Washington Irving Rucker was born in Tulsa, Oklahoma, on March 5, 1937 and attended local schools through graduation from Booker T. Washington High School, developing a talent for the drums along the way. By his teens, Washington was playing with bluesman Jimmy “Cry Cry” Hawkins and was soon off to UCLA to study and work his way into the Los Angeles music scene. A man of many talents, Washington got a degree in history and had side careers in acting and cosmetology while playing drums with bands in a variety of genres.
Rucker has worked with artists as diverse as Stevie Wonder, Ray Charles, gospel artists Reverend James Cleveland and Shirley Caesar; jazz greats like Dizzy Gillespie, Sonny Stitt, Hampton Hawes, and Freddie Hubbard; and singers Nancy Wilson and Linda Hopkins. He has an active career as an educator, teaching a master class at USC on the “Art of the Brushes” in drumming and a well-regarded program on jazz history for young students called “Jazz for Wee People.” He has also appeared regularly in film and television as a character actor, most notably in Martin Scorsese’s “New York, New York” and Clint Eastwood’s “Bird.”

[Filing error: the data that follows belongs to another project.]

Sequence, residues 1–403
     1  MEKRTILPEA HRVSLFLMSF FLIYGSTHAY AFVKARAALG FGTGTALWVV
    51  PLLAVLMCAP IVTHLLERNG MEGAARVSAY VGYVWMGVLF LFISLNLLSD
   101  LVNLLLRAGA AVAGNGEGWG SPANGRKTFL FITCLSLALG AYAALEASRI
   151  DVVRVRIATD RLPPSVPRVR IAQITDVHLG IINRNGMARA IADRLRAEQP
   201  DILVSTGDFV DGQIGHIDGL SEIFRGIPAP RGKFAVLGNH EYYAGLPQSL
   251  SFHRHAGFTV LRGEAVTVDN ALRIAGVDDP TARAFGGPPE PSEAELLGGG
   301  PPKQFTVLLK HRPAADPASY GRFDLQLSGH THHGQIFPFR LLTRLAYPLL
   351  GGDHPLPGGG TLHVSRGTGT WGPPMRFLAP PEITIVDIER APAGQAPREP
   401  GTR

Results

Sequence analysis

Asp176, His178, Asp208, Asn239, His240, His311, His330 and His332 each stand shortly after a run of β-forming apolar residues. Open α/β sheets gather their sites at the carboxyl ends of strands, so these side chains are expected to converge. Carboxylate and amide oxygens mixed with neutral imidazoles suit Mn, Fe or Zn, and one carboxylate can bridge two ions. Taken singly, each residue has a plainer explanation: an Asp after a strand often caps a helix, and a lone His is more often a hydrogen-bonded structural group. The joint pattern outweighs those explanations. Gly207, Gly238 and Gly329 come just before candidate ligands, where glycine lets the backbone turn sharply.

Drummer Clarence Dixon once told him “this pair of sticks will take you all over the world if you want to go,” and those words became Washington Rucker’s reality.
He is a 1998 inductee of the Oklahoma Jazz Hall of Fame.
Interview with Washington Rucker
Müllerhaus Legacy Website Team
Date Created: July 2, 2015
Date Published: November 18, 2015
Notes: Recorded by John Erling in Tulsa, Oklahoma. Digital Audio Sound Recording, Non-Music.
Tags: Harlem Globe Trotters, Marques Haynes, Dizzy Gillespie, Joe Louis, Red Foley, Buddy Rich, Jackie Robinson, Lionel Hampton, B. B. King, David Brinkley, Frank Sinatra, Nancy Wilson, Booker T. Washington, Jazz, Music, Drummer